Surface area is total area on the surface of a three-dimensional shape. To find the surface area of a cuboid which has 6 rectangular faces, add the areas of all 6 faces. Or, you can label the length (l), width (w), and height (h) of the cuboid and use the formula: surface area (SA)=2lw+2lh+2hw.
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- what is a cuboid and why use a cereal box.(1 vote)
- Palomo’s reply was confusing. A cuboid is basically a box. A cereal box is a good example of a cuboid.(35 votes)
- why do they make it so hard 😢(11 votes)
- It means that you are learning something which takes time to tackle. It doesn't happen in a day or even in a few.(5 votes)
- how do you get the surface area?(4 votes)
- The surface area of the rectangular prism(or cube)
P=perimeter of the base(you can choose any two parallel sides for the base)
h=height between 2 bases
2B=area of bases times 2(10 votes)
- what if all i get for length is fractions?(1 vote)
totallyok! You just have to find the numbers you can multiply most easily in a specific order.(8 votes)
- does SIDE and FACE means the same things? that is surface area?(1 vote)
- the SIDE and the FACE are the same things in usual context.
One SIDE of a square is going to be equal to all the other SIDES of a square. A side is a face.(9 votes)
- how do you find the surface area of a triangular prism?(3 votes)
- Is there a more simpler formula to find the surface area of a cubiod? I don't understand the meaning of SA=2lw+2lh+2hw, my teacher told me a different formula to figure out the surface area of a cuboid but I forgot it.(2 votes)
- If you imagine looking at a cuboid from any side you want to call the cuboid’s front, it’ll have five other sides. The 2hw part means that you’ll take the height times the width of the cuboid in relation to where you choose to look at it and then multiply that by two, since the cuboid has both a back and a front. The 2lh part (length x height) covers the cuboid’s two sides. The 2lw part (length x width) calculates the cuboid’s top and bottom. Basically, that formula’s an already shortened version of calculating the surface area of any cuboid by taking the surface area of all six sides, because by definition parallel sides of a cuboid will have the same area. The only other equation I can find is SA= 2(lw+lh+hw), but it’s the same thing that’s had the factor of two set outside the parentheses. They mean the same thing. I prefer seeing it that way, but I’m finishing precalculus, so if you’re not used to factoring I’d avoid using it. The other form still makes sense even if you’re not great at algebra once you picture it.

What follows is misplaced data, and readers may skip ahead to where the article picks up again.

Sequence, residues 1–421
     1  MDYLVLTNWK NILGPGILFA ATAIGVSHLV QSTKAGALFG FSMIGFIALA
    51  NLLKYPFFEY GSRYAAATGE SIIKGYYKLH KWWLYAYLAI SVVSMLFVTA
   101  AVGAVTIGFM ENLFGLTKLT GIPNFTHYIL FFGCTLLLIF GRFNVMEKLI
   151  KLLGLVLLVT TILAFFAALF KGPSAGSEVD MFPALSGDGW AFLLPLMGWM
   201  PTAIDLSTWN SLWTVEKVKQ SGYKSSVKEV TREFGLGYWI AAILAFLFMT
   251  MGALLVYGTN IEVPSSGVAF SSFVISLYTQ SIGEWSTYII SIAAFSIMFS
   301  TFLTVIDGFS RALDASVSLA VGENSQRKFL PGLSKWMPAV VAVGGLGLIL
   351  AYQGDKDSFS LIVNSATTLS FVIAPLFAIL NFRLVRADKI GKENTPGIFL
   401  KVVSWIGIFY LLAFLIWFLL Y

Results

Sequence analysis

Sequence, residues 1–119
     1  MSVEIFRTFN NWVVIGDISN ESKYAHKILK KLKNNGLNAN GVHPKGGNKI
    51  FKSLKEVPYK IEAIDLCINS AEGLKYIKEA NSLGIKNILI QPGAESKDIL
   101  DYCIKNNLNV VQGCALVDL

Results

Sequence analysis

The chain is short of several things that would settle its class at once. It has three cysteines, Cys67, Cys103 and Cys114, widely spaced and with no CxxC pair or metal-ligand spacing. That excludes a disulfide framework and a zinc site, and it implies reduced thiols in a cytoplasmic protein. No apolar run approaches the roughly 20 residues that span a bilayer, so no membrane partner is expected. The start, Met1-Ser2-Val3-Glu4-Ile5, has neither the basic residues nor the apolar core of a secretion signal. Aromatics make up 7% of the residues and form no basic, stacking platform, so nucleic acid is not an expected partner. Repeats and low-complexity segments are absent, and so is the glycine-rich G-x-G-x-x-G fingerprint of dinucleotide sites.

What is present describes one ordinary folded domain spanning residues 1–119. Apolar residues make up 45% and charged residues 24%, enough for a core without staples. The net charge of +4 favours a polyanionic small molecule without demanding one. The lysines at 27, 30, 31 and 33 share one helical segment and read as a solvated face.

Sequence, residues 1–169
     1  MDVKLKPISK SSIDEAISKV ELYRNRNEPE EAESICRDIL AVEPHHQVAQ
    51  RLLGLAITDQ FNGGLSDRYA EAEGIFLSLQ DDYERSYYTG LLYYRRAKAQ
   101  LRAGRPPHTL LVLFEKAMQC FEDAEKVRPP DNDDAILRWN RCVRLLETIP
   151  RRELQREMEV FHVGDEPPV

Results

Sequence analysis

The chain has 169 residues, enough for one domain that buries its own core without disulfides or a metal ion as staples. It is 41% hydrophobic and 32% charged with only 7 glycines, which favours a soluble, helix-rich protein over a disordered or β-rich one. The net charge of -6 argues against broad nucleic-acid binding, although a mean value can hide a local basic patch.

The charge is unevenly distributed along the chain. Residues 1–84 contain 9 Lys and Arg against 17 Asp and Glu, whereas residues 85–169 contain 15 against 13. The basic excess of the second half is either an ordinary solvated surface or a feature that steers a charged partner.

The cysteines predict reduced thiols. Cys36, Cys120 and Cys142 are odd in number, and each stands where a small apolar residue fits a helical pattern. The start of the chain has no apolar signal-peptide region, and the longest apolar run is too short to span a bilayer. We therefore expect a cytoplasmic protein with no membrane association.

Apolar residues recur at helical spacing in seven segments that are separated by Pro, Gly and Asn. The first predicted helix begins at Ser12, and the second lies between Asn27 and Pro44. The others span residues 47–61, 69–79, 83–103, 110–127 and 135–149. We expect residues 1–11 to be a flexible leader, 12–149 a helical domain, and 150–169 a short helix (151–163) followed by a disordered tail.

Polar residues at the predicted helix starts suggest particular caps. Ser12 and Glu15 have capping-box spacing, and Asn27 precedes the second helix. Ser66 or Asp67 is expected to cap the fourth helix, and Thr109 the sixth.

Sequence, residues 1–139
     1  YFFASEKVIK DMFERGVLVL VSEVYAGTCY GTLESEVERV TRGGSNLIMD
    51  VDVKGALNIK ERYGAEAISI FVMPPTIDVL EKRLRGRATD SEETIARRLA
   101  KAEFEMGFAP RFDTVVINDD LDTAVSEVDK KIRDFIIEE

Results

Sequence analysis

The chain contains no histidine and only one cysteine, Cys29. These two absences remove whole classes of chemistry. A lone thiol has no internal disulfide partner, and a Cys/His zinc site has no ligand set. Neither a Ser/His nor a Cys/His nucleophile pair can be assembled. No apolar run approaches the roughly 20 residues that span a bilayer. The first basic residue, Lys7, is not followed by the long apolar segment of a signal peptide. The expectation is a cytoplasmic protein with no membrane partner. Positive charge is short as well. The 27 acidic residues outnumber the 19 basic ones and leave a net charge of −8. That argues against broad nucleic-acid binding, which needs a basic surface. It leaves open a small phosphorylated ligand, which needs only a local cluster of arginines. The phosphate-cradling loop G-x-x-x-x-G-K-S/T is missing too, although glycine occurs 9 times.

If you’re still confused, let me know and I’ll see what I can do to explain better!(3 votes)
- So, if I was to calculate the area of cuboid and the volume, would it be close in value? 600 is the volume of that box and 580 is the area, but are these two values always proportional?(2 votes)
- No, they have no relation. The area of the cuboid isn't proportional to the volume. If the proportions of the sides are given, yes, but as a general rule, they aren't.(3 votes)
- [Voiceover] Let's see if we can figure out the surface area of this cereal box. And there's a couple of ways to tackle it. The first way is, well let's figure out the surface area of the sides that we can see, and then think about what the surface area of the sides that we can't see are and how they might relate, and then add them all together. So let's do that. So the front of the box is 20 centimeters tall and 10 centimeters wide. It's a rectangle, so to figure out its area we can just multiply 20 centimeters times 10 centimeters, and that's going to give us 200 centimeters. 200 centimeters, or 200 square centimeters, I should say. 200 square centimeters, that's the area of the front. And let me write it right over here as well, 200. Now we also know there's another side that has the exact same area as the front of the box, and that's the back of the box. And so let's write another 200 square centimeters for the back of the box. Now let's figure out the area of the top of the box. The top of the box, we see the box is three centimeters deep so this right over here is three centimeters. It's three centimeters deep and it's 10 centimeters wide. We see the box is 10 centimeters wide. So the top of the box is gonna be three centimeters times 10 centimeters, which is 30 square centimeters of area. So that's the top of the box, 30 square centimeters. Well, the bottom of the box is gonna have the exact same area, we just can't see it right now, so that's gonna be another 30. Then we have two more sides, cuz this box has six sides, We have this side panel that is 20 centimeters tall, we see that the height of the box is 20 centimeters and three centimeters deep. So three times 20, let me write that a little bit neater. Three times 20, that's 20 centimeters right there. Three centimeters times 20 centimeters is going to give us 60 square centimeters. Now that's this side panel, but there's another side panel that has the exact same area that's on the other side of the box, so it's 60 centimeters squared for this side, and then another 60 for the corresponding side opposite to it that we can't see. And now we can just add up all of these together. And so we get zero, this is going to be carry the one, or regroup the one, it's a 100, and then we have 500. So we get 580 square centimeters is the surface area of this box.